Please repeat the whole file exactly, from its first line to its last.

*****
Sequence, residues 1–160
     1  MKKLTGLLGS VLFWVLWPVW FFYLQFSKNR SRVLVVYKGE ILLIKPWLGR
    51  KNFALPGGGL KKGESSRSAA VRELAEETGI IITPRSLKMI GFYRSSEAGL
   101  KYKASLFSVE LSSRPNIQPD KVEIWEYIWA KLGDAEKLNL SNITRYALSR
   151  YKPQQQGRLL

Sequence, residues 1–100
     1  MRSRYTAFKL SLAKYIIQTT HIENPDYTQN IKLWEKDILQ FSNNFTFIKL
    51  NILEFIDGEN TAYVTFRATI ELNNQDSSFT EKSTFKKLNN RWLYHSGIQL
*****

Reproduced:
Sequence, residues 1–160
     1  MKKLTGLLGS VLFWVLWPVW FFYLQFSKNR SRVLVVYKGE ILLIKPWLGR
    51  KNFALPGGGL KKGESSRSAA VRELAEETGI IITPRSLKMI GFYRSSEAGL
   101  KYKASLFSVE LSSRPNIQPD KVEIWEYIWA KLGDAEKLNL SNITRYALSR
   151  YKPQQQGRLL

Sequence, residues 1–100
     1  MRSRYTAFKL SLAKYIIQTT HIENPDYTQN IKLWEKDILQ FSNNFTFIKL
    51  NILEFIDGEN TAYVTFRATI ELNNQDSSFT EKSTFKKLNN RWLYHSGIQL